Edward M. Panosian
This article first appeared in Faith for the Family March/April, 1973. It is reproduced here by permission. This is Part Two • Part One here.
Part One compared and contrasted the world of the first century and the world of the sixteenth, demonstrating many similarities between the periods. It closed with these words:
These, then, are at least some of the similarities between the first and the sixteenth centuries, the days of the Incarnation and those of the Reformation. And what of today? How much of this description is relative to these present times?
There are many efforts today at international unity. “One world” has· become a frequent theme. However, it is one world not under the rule of God’s Christ, but under an imaginary brotherhood of man. Yet just under this veneer of unity lurks the growth of a totalitarian system which will emerge under a coming world dictator who, promising peace, order, and protection, will set himself up against God.
Concerning the effects of travel and communication today, we have an almost instant sense of world present-ness made possible by communication satellites transferring both sounds and sights. Some have suggested what being seen and heard universally and simultaneously may mean for a potential world ruler, The opportunity today to disseminate ideas and influence wills far exceeds that of either ancient Rome, with her universal language, urban character, and ease of travel, or of the Reformation and its movable-type printing.
The religious and the political realms seem to be more in accord than in discord today. Councils of churches, with few happy exceptions, parrot the programs of governments and the policies of natural men when these councils should reflect rather the principles of the Scriptures. Surely we should know that the effectiveness and power of the Church of Jesus Christ has always been greatest when that Church has been most opposed to and opposed by the systems of this world. When a supra-denominational church organization has power to determine where and whether any particular church may be built, it is not spiritual power being exercised.
Further, in reviewing the list of parallels in the comparisons above, there is today also no shortage of religions, denominations, organizations, sects, cults, and quasi-religious systems. Much religion, but little real life abounds. Religious corruption, immorality redefined as pious liberty is headlined. There are churches for homosexuals, ministers applauding abortion, worldly “rock” music in church services, and moral and dress standards adopted without regard to Biblical separation unto God and from sin. So it is not surprising that such shallow and hypocritical religion does not satisfy heart longings and produces disillusionment and outright reaction.
Another interesting phenomenon is the clear reminder from present experience that “not many wise men after the flesh, not many mighty, not many noble, are called: But God hath chosen the foolish things of the world to confound the wise; and God hath chosen the weak things of the world to confound the things which are mighty; And base things of the world, and things which are despised, hath God chosen” (I Corinthians 1:26b-28a).
Once again it is from “humble soil” that the God of Heaven is pleased to work. What is being accomplished for Him today is being accomplished not by the mighty and the wise in the eyes of men, but by those with the authority of Heaven. Churches, educational institutions, and individuals outside the “mainstream” are the ones doing a job for God. It was so four hundred years ago; it was so nineteen hundred years ago; and it is so today.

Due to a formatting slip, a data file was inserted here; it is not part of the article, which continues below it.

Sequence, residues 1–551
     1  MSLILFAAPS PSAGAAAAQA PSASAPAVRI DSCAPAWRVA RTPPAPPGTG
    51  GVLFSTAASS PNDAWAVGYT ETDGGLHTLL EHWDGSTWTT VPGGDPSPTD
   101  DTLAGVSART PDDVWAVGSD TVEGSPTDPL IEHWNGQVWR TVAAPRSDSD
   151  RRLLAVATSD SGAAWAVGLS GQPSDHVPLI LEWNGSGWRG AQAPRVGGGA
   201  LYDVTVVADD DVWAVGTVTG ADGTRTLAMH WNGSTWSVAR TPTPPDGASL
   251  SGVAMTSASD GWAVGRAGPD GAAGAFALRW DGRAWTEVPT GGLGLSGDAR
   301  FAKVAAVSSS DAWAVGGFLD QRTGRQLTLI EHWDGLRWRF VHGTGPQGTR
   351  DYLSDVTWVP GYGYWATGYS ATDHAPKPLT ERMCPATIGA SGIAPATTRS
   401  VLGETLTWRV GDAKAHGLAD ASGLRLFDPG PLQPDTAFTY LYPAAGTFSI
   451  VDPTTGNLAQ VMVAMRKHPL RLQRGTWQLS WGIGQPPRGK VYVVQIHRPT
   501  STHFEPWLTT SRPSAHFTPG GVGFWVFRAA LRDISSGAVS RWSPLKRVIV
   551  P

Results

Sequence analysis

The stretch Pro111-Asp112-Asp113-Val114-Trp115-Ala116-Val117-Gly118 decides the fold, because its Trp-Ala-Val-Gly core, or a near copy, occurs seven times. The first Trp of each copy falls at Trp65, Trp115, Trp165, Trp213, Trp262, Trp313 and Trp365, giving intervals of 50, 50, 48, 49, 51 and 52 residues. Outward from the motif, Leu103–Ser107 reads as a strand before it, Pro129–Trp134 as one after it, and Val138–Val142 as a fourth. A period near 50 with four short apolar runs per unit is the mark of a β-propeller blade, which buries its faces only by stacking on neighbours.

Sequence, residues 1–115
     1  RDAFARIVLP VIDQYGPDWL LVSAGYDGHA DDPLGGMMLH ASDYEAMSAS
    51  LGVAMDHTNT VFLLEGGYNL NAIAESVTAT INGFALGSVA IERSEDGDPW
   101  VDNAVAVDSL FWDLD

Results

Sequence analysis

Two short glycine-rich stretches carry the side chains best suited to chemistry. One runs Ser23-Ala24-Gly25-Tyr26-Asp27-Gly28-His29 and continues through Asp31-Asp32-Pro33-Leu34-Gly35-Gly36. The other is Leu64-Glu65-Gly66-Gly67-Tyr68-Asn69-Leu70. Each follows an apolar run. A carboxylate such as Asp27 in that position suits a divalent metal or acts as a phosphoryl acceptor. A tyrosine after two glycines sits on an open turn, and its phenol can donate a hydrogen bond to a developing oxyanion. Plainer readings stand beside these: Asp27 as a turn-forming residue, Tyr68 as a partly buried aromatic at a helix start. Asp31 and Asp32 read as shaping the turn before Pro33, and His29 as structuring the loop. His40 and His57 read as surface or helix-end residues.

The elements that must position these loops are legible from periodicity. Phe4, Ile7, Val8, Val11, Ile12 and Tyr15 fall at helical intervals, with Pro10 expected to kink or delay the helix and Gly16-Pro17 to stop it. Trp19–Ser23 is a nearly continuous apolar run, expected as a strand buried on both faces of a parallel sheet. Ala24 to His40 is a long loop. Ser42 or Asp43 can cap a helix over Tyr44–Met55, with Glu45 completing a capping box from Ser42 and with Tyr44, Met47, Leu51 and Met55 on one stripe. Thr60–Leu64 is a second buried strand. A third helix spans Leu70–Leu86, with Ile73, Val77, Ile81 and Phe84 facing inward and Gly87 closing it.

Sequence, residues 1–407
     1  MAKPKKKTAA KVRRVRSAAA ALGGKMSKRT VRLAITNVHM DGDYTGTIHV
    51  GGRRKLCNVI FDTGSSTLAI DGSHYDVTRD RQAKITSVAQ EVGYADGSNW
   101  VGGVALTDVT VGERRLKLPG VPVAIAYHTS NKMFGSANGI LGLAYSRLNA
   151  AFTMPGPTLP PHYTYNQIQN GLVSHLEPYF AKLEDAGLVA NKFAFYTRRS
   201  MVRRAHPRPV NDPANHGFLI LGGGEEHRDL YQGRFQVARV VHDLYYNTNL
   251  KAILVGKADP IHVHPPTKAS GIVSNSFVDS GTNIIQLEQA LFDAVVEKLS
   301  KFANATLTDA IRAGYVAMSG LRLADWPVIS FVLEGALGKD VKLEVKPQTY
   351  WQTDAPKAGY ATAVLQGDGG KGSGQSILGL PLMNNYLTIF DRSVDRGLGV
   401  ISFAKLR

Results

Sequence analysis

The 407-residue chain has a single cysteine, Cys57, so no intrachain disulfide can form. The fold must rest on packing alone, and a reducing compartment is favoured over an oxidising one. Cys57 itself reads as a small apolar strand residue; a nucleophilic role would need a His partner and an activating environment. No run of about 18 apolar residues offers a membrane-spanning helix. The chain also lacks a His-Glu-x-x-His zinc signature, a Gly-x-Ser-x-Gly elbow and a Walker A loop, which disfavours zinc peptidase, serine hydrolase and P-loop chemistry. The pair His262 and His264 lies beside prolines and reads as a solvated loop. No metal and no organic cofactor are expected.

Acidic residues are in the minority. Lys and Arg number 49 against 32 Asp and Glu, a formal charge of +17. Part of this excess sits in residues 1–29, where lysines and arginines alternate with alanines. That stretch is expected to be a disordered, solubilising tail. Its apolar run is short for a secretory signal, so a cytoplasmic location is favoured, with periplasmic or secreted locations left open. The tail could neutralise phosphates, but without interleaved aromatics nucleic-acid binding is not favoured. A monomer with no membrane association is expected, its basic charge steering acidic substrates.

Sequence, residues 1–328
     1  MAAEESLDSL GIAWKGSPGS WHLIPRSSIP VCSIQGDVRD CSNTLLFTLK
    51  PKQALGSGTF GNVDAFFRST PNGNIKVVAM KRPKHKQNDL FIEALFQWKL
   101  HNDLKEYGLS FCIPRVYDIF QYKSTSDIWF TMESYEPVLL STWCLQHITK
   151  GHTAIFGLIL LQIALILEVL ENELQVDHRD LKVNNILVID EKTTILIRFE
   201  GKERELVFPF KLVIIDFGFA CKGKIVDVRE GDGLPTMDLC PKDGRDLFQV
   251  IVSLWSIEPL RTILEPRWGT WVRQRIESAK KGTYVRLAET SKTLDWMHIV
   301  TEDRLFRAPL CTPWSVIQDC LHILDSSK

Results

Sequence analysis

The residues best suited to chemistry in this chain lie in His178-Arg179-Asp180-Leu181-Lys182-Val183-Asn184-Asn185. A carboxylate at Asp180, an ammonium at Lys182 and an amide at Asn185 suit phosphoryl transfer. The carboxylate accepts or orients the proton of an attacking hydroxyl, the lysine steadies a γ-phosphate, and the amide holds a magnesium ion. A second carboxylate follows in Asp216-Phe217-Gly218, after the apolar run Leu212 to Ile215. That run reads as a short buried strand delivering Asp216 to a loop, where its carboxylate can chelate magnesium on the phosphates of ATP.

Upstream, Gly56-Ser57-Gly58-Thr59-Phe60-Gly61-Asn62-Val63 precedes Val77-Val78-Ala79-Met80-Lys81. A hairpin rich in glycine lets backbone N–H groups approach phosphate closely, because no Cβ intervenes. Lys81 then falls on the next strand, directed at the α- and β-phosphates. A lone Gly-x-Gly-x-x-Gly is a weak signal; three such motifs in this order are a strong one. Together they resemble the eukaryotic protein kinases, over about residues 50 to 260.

Today’s faithful ones have been preceded by men who paved their way, just as in the prior ages considered here. The continuity of the faithful is a blessed lesson from the pages of spiritual history. “What hast thou that thou didst not receive?” The faithful few also, in pointing out error and unrighteousness in these times seem to be the troublers of the land; they bring not peace, but a sword, when they expose wickedness and contrast man’s ways with God’s words to man. So it has ever been.
Finally, our times enjoy cultural achievement, material benefits almost beyond calculation, progress 1n the sciences; at the same time that we suffer increased crime, narcotic addiction, rampant drunkenness, moral relativism, and decline of national spirit. Stated simply, In this generation we can put a man on the moon, but we cannot chain the beast in man’s breast. As in the Renaissance just preceding the Reformation, when learning and the arts flowered, so man is in another knowledge explosion, but also, as then, he is anchored with no sure standard for moral or ethical action. Once again man at his best approaches man at his worst.
The meaning of all this lies in what significance these parallels possess. The three eras have been similarly characterized. In the first, God’s visitation came in the fullness of the time, when God sent forth His Son, the Incarnate Word. In the Reformation, God’s visitation was by calling man back to His revealed written Word. In the third era, our own time, may it be that we are poised once again for God’s visitation?
The following biographical sketch appeared in the original publication of this article in the March/April 1973 issue of Faith for the Family.
Dr. Edward M. Panosian is professor of Church History at Bob Jones University, A native of Elmira, N. Y., and an avid student of church history, Dr. Panosian has also had considerable acting experience in Shakespearean productions presented by the Bob Jones University Classic Players, and appears in a major role in the Unusual Films motion picture Flame In The Wind. He holds a bachelor of arts, master of arts, and doctor of philosophy degrees from Bob Jones University.
Dr. Panosian is now retired from his teaching duties.